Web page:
Only Jesus: What It Really Means To Be Saved
By John MacArthur
Thomas Nelson, 2020, 173 pp.
In this small book, Pastor John MacArthur presents the genuine Good News! Gospel of salvation by God’s grace alone, through faith alone, in Jesus Christ alone. As part of his presentation, MacArthur includes the teaching that genuine conversion includes repentance; turning from sinful rebellion against God to trusting in Jesus Christ as Savior AND also as Lord.
A little history. In the course of his ministry, MacArthur observed that MANY people had made a profession of Christ, but subsequently bore no spiritual fruit. These people lived their lives the same exact way that they did before they allegedly trusted in Christ. MacArthur believed many of these false believers were the product of “decisionism,” the evangelism tool used at some crusades and some churches whereby people are led to pray a “sinner’s prayer” followed by raising a hand or coming forward as a confirmation of their conversion. JMac stirred up a lot of controversy with his book, “The Gospel According to Jesus” (1988), in which he insisted that those who genuinely trust in Christ as Savior will also submit to Him as Lord and follow Him in obedience, albeit imperfectly while in this world.
Some evangelicals were horrified. They thought JMac was attempting to add works to the Gospel of grace and branded his message as “Lordship salvation.”* Actually, MacArthur’s point was quite Biblical (James 2:14-26). Those who genuinely trust in Jesus Christ as Savior will also desire to follow Him as Lord (albeit imperfectly) and will necessarily bear spiritual fruit. Throughout this new book, JMac once again emphasizes that obedience (always imperfect) will follow genuine salvation.
- Master and Slaves
- What is the Gospel Message?
- You Must Be Born Again?
- In Spirit and in Truth
- Good News for Sinners
- To Seek and Save the Lost
- The Cost of Discipleship
- The Cross
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Some Christians are critical of John MacArthur for more than this “Lordship salvation” issue (which is actually a non-issue if viewed Biblically). JMac offends some for his strong stands on the following:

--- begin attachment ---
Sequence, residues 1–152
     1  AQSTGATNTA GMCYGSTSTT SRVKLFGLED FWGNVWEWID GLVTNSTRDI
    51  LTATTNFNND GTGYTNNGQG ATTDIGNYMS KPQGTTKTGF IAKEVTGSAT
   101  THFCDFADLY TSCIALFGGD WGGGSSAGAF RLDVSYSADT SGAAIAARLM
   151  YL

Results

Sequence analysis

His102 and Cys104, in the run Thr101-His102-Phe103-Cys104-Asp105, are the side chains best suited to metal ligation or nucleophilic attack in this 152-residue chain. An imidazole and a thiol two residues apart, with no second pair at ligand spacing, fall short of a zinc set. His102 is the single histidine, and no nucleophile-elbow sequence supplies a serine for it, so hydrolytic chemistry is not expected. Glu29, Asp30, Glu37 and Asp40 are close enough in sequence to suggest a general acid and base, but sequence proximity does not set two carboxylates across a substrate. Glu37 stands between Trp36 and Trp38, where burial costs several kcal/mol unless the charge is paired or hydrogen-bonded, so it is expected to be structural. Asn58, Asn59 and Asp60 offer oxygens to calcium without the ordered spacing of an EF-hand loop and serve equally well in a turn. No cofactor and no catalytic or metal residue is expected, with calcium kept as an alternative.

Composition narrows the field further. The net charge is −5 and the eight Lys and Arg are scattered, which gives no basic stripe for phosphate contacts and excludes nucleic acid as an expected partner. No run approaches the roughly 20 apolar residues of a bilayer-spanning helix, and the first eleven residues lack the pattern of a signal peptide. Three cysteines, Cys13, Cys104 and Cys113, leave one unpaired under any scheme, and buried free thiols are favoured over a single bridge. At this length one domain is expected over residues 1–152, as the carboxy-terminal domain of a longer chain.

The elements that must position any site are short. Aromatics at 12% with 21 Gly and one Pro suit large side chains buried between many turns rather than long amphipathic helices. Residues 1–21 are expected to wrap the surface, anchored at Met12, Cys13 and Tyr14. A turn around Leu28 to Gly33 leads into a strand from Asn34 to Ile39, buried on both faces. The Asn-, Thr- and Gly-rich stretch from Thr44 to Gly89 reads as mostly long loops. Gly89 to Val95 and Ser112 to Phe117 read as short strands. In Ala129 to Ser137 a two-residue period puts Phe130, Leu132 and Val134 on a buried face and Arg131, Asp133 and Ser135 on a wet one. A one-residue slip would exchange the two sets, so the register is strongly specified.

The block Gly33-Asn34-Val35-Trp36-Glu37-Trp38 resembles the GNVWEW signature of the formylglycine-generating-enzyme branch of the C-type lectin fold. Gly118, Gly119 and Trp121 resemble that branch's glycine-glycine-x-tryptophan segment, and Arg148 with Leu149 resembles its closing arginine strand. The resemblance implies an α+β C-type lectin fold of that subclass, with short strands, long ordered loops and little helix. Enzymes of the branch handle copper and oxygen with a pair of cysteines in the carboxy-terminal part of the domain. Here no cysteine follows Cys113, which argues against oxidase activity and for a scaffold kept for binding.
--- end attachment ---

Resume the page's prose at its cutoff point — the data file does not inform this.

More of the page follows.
- Ecumenism with Rome – He’s against it and regularly warns against Catholicism and its false works-righteousness gospel.
- Apostolic gifts of the Holy Spirit – He teaches the apostolic gifts ceased with the deaths of the apostles.
- Genesis – He teaches a literal interpretation, i.e., Young Earth Creationism.
- The role of women in the church – he teaches Complementarianism rather than Egalitarianism.
- Prosperity gospel – MacArthur teaches the prosperity gospel/Word of Faith movement is bogus, pseudo-Christianity.
I agree with JMac on all of the above. I “disagree” with him (only somewhat) on the following:
- Calvinism – JMac is an unapologetic Calvinist and teaches the Reformed view of election and predestination.
Hang on my beloved Reformed brothers and sisters! Please hear me out. Although I’m somewhere in the middle of the Calvinism-Arminianism debate, I definitely lean closer to MacArthur’s Calvinism than to Wesleyan Arminianism. I suspend any final decision on the issue because I can. However, JMac’s approach is actually quite tolerant. He acknowledges that God somehow integrates man’s freewill into His divine, sovereign plan. I can agree with that. Watch JMac’s excellent sermon on the topic, “Sovereignty and Freedom,” here. Thanks for the video, Crissy!
- Evangelistic invitations – As I mentioned above, MacArthur is against the “sinner’s prayer” and other types of evangelistic “promptings,” e.g., walking the aisle, raising the hand, signing a card, etc. In this book, he also criticizes using such terminology as “accepting Christ as Savior,” evidently feeling it’s too Arminian.
After trusting in Christ, I was discipled at a Baptist church where an invitation was given at EVERY church service or function. Not to do so would have been considered a serious dereliction. I was initially surprised when I learned that Reformed believers objected to invitations. I now understand. Invitations can certainly lead to false, disingenuous professions. But the prohibition against invitations also has shortcomings. See my 2018 post on “Decisionism” here. Also, “accepting Jesus Christ as Savior,” a term regularly used by many Baptists, is quite Biblical as I noted in this post.
Bottom line: I don’t agree with Pastor John MacArthur on everything. There’s probably not a pastor anywhere that I would agree with 100% on every single secondary and tertiary doctrine. However, I agree with Pastor MacArthur on MOST things, especially the most important things, and I’m regularly blessed by his sermon podcasts and books.
*See the interesting Wikipedia article on the “Lordship Salvation Controversy” here. Regrettably, I still come across people here and there who falsely accuse JMac of adding works to the Gospel of grace and who also usually have a warped understanding of “repentance” as being some type of work when the New Testament clearly and repeatedly teaches “repentance to salvation” (2 Cor. 7:10). Repentance (Greek, metanoia) means “change of mind”; turning from rebellion against God to Jesus Christ. See my post on Biblical repentance here.
The article below nicely clarifies the “Lordship Salvation” issue:
What is lordship salvation?